Doug Sipp | EurekAlert!
Further information:
http://www.riken.jp

More articles from Life Sciences:

nachricht Nanoparticle Exposure Can Awaken Dormant Viruses in the Lungs
16.01.2017 | Helmholtz Zentrum München - Deutsches Forschungszentrum für Gesundheit und Umwelt

nachricht Cholera bacteria infect more effectively with a simple twist of shape
13.01.2017 | Princeton University

All articles from Life Sciences >>>

The most recent press releases about innovation >>>

Die letzten 5 Focus-News des innovations-reports im Überblick:

Im Focus: Designing Architecture with Solar Building Envelopes

Among the general public, solar thermal energy is currently associated with dark blue, rectangular collectors on building roofs. Technologies are needed for aesthetically high quality architecture which offer the architect more room for manoeuvre when it comes to low- and plus-energy buildings. With the “ArKol” project, researchers at Fraunhofer ISE together with partners are currently developing two façade collectors for solar thermal energy generation, which permit a high degree of design flexibility: a strip collector for opaque façade sections and a solar thermal blind for transparent sections. The current state of the two developments will be presented at the BAU 2017 trade fair.

As part of the “ArKol – development of architecturally highly integrated façade collectors with heat pipes” project, Fraunhofer ISE together with its partners...

Im Focus: How to inflate a hardened concrete shell with a weight of 80 t

At TU Wien, an alternative for resource intensive formwork for the construction of concrete domes was developed. It is now used in a test dome for the Austrian Federal Railways Infrastructure (ÖBB Infrastruktur).

Concrete shells are efficient structures, but not very resource efficient. The formwork for the construction of concrete domes alone requires a high amount of...

Im Focus: Bacterial Pac Man molecule snaps at sugar

Many pathogens use certain sugar compounds from their host to help conceal themselves against the immune system. Scientists at the University of Bonn have now, in cooperation with researchers at the University of York in the United Kingdom, analyzed the dynamics of a bacterial molecule that is involved in this process. They demonstrate that the protein grabs onto the sugar molecule with a Pac Man-like chewing motion and holds it until it can be used. Their results could help design therapeutics that could make the protein poorer at grabbing and holding and hence compromise the pathogen in the host. The study has now been published in “Biophysical Journal”.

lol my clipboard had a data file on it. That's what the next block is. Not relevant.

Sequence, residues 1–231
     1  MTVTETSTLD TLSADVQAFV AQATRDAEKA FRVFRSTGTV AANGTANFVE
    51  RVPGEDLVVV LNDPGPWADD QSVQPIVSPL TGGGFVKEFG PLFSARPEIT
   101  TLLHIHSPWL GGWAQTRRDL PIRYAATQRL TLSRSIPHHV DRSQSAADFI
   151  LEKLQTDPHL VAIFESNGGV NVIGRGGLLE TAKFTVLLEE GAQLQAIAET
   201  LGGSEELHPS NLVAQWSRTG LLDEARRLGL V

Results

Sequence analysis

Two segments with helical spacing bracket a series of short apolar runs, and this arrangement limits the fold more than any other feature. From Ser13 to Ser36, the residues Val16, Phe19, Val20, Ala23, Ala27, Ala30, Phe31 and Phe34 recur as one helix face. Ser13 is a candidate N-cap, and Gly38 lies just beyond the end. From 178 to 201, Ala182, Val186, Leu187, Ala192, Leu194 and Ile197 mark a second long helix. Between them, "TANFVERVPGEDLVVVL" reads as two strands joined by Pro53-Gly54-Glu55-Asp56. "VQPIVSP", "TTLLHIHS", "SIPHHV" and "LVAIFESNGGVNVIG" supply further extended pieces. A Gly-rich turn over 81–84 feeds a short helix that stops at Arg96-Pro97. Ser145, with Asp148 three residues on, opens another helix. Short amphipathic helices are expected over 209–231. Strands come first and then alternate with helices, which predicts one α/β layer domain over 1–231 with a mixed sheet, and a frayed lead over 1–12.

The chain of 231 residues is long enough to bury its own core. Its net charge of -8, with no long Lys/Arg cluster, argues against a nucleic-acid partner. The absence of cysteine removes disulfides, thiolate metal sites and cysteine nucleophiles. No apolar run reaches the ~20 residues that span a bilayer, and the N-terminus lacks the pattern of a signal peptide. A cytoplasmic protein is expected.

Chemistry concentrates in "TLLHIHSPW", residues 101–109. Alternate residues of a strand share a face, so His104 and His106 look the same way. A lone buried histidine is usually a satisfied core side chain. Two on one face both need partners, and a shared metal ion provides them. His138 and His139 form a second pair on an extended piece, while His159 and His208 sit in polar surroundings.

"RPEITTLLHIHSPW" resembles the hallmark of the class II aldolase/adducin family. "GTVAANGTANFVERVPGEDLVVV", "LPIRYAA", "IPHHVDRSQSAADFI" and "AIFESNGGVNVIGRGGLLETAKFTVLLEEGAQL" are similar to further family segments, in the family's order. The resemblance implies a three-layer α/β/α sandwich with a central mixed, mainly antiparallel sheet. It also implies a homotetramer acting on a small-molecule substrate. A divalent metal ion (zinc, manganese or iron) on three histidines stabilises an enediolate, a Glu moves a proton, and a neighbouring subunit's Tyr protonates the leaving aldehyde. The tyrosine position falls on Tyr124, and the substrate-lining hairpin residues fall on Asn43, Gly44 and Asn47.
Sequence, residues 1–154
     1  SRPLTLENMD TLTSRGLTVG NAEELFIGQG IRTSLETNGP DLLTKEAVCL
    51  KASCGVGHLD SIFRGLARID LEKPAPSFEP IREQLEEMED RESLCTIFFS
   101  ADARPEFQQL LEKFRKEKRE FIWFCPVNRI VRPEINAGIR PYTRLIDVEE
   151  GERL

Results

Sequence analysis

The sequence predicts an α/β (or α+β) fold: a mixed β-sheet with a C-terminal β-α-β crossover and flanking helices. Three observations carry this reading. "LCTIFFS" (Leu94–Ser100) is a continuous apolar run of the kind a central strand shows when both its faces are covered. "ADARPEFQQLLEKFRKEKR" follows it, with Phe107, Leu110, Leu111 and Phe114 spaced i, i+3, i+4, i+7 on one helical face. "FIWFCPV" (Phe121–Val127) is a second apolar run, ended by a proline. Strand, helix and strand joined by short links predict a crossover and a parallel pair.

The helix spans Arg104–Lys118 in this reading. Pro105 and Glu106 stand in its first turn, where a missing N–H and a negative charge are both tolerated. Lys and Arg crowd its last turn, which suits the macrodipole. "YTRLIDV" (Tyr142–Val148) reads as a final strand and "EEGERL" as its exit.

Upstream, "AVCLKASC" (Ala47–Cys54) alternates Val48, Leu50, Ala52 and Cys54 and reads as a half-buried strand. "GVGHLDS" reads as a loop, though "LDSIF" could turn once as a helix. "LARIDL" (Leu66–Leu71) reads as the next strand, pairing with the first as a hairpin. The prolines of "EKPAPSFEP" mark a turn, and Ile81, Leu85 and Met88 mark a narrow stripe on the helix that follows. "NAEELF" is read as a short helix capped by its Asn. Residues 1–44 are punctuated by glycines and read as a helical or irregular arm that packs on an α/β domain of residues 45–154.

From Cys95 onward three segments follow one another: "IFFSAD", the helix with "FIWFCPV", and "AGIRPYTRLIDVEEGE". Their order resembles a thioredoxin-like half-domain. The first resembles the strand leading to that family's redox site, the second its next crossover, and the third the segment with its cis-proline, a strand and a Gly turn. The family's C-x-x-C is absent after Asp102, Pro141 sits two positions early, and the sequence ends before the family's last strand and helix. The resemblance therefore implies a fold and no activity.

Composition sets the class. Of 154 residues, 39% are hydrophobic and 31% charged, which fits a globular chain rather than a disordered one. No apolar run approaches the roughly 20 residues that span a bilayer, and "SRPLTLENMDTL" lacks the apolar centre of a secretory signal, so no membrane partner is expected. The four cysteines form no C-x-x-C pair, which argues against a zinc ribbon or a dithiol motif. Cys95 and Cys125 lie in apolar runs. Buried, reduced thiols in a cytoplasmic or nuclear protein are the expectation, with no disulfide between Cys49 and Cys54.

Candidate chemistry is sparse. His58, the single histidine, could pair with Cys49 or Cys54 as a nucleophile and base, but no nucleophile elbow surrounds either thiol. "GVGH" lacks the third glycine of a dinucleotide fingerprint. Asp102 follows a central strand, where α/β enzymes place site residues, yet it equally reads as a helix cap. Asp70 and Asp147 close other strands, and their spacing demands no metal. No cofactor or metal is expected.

The cells of the mouth, nose and intestinal mucosa produce large quantities of a chemical called sialic acid. Many bacteria possess a special transport system...

Im Focus: Newly proposed reference datasets improve weather satellite data quality

UMD, NOAA collaboration demonstrates suitability of in-orbit datasets for weather satellite calibration

"Traffic and weather, together on the hour!" blasts your local radio station, while your smartphone knows the weather halfway across the world. A network of...

Im Focus: Repairing defects in fiber-reinforced plastics more efficiently

Fiber-reinforced plastics (FRP) are frequently used in the aeronautic and automobile industry. However, the repair of workpieces made of these composite materials is often less profitable than exchanging the part. In order to increase the lifetime of FRP parts and to make them more eco-efficient, the Laser Zentrum Hannover e.V. (LZH) and the Apodius GmbH want to combine a new measuring device for fiber layer orientation with an innovative laser-based repair process.

Defects in FRP pieces may be production or operation-related. Whether or not repair is cost-effective depends on the geometry of the defective area, the tools...

All Focus news of the innovation-report >>>

Anzeige

Anzeige

Event News

12V, 48V, high-voltage – trends in E/E automotive architecture

10.01.2017 | Event News

2nd Conference on Non-Textual Information on 10 and 11 May 2017 in Hannover

09.01.2017 | Event News

Nothing will happen without batteries making it happen!

05.01.2017 | Event News

 
Latest News

Multiregional brain on a chip

16.01.2017 | Power and Electrical Engineering

New technology enables 5-D imaging in live animals, humans

16.01.2017 | Information Technology

Researchers develop environmentally friendly soy air filter

16.01.2017 | Power and Electrical Engineering

VideoLinks
B2B-VideoLinks
More VideoLinks >>>